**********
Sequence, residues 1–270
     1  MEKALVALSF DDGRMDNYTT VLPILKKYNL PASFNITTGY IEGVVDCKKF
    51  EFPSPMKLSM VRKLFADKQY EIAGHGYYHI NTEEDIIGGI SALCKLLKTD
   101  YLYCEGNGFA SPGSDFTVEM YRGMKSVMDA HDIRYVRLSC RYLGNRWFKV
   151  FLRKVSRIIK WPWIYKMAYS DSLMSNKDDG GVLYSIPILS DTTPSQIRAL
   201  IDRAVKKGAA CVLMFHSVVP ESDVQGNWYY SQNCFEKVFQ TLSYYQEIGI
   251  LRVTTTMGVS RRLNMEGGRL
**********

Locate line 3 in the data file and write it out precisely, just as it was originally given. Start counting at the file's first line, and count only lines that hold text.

    51  EFPSPMKLSM VRKLFADKQY EIAGHGYYHI NTEEDIIGGI SALCKLLKTD